London Marathon: two exceptional success stories

The standout Britons were a junior doctor and a runner overlooked for the Olympic squad

Junior doctor Phil Sesemann finished seventh on his marathon debut
Junior doctor Phil Sesemann finished seventh on his marathon debut
(Image credit: Glyn Kirk/AFP via Getty Images)

It will probably go down as the most expensive wave in athletics history. The 30-year-old Ethiopian, Sisay Lemma – so often a “marathon bridesmaid” – had just burned off a high-quality London Marathon field that included last year’s winner, Shura Kitata. So who can blame him for basking in his moment of glory as he neared the finish on Sunday and giving the crowd a “regal wave”, said Sean Ingle in The Guardian.

Yet shortly after crossing the line in 2hrs 4mins 1sec (27 seconds ahead of second-placed Vincent Kipchumba of Kenya), Lemma was struck by a painful thought. He will receive $105,000 in prize money, but had he not slowed down he would have earned an extra $25,000 (£18,500) for breaking the 2hrs 4min barrier.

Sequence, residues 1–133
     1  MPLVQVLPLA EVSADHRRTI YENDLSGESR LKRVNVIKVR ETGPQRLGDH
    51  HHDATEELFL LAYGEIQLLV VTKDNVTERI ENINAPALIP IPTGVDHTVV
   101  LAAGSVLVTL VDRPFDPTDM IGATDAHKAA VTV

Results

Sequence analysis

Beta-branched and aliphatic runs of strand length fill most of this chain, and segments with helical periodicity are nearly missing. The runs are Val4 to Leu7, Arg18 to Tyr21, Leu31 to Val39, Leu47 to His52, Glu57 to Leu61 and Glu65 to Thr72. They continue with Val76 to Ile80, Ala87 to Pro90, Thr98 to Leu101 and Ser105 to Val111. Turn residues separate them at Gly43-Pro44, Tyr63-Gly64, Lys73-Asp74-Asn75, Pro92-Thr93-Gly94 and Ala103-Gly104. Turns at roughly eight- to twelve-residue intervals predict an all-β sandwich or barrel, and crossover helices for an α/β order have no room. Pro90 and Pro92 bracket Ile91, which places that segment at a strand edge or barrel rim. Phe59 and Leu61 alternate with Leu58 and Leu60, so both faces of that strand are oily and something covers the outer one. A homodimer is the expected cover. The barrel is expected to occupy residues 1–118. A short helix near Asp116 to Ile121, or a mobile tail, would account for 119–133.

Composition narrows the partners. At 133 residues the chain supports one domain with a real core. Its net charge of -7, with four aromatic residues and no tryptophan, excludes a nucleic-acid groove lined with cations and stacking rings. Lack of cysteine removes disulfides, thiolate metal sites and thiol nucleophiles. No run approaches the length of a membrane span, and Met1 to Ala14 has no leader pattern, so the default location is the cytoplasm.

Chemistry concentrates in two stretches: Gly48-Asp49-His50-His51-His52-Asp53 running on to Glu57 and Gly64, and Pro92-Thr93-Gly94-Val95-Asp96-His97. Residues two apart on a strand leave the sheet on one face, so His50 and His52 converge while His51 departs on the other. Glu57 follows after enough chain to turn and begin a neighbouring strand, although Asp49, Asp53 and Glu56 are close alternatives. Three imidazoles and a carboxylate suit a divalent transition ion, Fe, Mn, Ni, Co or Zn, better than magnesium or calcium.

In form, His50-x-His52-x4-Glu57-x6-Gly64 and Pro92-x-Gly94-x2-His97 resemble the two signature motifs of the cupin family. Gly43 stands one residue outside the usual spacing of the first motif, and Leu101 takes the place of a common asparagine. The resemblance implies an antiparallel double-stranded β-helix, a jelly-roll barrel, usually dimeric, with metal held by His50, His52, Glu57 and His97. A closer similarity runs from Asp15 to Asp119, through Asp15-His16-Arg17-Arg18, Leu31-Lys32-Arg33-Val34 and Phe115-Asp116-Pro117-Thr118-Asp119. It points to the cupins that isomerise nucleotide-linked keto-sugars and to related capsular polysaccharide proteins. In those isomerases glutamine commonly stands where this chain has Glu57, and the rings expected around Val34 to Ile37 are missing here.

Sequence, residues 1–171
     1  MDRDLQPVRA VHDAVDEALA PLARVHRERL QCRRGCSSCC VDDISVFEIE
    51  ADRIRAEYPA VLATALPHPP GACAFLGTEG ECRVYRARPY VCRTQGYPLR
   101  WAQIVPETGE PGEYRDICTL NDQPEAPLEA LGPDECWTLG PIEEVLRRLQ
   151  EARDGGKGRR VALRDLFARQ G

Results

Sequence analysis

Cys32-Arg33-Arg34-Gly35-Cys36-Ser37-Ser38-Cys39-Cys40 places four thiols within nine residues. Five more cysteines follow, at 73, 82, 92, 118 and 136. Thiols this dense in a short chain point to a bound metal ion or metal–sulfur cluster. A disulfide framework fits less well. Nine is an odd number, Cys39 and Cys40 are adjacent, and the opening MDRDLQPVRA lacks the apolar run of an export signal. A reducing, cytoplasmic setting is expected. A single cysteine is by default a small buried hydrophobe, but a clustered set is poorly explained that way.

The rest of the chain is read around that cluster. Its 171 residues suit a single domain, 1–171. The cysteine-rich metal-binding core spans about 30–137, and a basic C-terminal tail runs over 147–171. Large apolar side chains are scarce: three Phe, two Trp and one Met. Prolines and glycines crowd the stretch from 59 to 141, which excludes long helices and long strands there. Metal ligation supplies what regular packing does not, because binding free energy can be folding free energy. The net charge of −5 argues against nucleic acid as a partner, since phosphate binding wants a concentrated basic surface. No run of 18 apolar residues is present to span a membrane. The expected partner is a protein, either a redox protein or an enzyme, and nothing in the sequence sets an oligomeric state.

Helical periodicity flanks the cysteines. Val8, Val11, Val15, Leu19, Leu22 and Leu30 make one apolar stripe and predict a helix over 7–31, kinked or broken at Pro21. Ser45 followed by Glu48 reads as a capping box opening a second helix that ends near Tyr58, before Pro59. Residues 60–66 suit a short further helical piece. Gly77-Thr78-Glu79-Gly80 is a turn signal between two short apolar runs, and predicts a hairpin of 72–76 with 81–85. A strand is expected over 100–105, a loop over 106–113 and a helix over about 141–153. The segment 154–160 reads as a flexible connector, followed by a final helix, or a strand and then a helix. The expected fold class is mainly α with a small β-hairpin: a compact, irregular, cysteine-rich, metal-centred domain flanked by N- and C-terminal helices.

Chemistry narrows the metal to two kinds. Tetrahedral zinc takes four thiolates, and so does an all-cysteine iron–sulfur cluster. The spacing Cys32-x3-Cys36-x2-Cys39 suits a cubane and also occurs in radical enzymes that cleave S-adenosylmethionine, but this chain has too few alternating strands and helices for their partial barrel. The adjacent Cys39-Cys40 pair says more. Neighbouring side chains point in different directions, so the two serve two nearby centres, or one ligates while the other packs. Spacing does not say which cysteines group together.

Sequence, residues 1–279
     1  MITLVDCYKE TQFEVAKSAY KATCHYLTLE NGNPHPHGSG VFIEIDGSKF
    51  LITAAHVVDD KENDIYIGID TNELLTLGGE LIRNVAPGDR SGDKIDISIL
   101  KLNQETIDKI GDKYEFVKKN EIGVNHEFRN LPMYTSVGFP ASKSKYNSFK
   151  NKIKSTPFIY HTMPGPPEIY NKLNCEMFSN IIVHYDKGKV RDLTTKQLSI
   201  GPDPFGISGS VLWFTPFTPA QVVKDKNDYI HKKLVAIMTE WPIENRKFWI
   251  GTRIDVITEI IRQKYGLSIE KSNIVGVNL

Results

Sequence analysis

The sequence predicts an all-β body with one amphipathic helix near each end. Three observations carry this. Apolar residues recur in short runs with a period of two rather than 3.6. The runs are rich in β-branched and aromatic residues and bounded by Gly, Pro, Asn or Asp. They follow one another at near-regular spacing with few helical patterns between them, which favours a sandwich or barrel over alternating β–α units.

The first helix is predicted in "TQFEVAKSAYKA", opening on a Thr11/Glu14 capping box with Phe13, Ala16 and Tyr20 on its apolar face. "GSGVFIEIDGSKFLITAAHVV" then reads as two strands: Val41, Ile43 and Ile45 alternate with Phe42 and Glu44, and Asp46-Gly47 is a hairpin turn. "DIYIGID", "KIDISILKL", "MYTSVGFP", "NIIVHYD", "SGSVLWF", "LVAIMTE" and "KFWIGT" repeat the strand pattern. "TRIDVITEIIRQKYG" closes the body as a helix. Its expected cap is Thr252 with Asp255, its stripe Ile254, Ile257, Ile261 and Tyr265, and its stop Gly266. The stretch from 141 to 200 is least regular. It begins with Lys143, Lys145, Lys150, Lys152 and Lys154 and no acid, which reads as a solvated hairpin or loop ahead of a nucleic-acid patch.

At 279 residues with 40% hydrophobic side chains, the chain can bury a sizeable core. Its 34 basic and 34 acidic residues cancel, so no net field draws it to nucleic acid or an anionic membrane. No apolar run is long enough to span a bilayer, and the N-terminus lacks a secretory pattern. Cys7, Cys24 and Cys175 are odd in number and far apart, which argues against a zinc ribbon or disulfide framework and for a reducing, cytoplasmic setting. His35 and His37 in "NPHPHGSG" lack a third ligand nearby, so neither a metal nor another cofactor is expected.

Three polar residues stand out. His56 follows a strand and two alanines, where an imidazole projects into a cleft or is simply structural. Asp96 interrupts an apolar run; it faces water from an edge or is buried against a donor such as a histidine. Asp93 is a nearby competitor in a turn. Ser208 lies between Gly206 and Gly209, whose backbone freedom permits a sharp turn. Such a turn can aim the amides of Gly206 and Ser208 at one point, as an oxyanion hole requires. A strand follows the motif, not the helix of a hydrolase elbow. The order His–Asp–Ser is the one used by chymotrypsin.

Elsewhere in the men’s event, the standout performance came from a junior doctor competing on his 29th birthday. Phil Sesemann, who works at Leeds General Infirmary, has only ever been a part-time runner: he’d never run a marathon before. Yet he was the first Briton home and finished seventh in a time of 2hrs 12mins 58secs, said Rick Broadbent in The Times. He now says he may take a few years out from his medical training in order to give the marathon a proper “crack”.

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The women’s race was won by Kenya’s Joyciline Jepkosgei, who “outshone reigning champion and world record holder Brigid Kosgei to take the title in 2hrs 17mins 43secs”, said Molly McElwee in The Daily Telegraph.

But once again, it was the first placed Briton – 30-year-old Charlotte Purdue – who stole much of the limelight. Months ago, she was controversially left out of Team GB’s squad for the Olympics, and later accused selectors of making the decision on the basis of “Mickey Mouse evidence” and “false information” about her fitness. On Sunday, she became Britain’s third-fastest woman of all time, posting 2hrs 23mins 26secs to finish tenth.

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